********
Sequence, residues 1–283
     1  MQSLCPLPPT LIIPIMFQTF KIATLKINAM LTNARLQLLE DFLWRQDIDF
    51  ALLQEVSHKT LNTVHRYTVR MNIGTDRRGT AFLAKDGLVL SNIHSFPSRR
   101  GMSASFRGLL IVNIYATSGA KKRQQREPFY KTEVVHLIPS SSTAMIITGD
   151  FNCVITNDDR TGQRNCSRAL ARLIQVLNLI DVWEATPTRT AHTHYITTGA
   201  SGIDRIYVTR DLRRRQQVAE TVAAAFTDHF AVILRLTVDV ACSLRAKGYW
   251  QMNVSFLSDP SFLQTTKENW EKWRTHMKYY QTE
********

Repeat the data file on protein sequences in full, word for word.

Sequence, residues 1–283
     1  MQSLCPLPPT LIIPIMFQTF KIATLKINAM LTNARLQLLE DFLWRQDIDF
    51  ALLQEVSHKT LNTVHRYTVR MNIGTDRRGT AFLAKDGLVL SNIHSFPSRR
   101  GMSASFRGLL IVNIYATSGA KKRQQREPFY KTEVVHLIPS SSTAMIITGD
   151  FNCVITNDDR TGQRNCSRAL ARLIQVLNLI DVWEATPTRT AHTHYITTGA
   201  SGIDRIYVTR DLRRRQQVAE TVAAAFTDHF AVILRLTVDV ACSLRAKGYW
   251  QMNVSFLSDP SFLQTTKENW EKWRTHMKYY QTE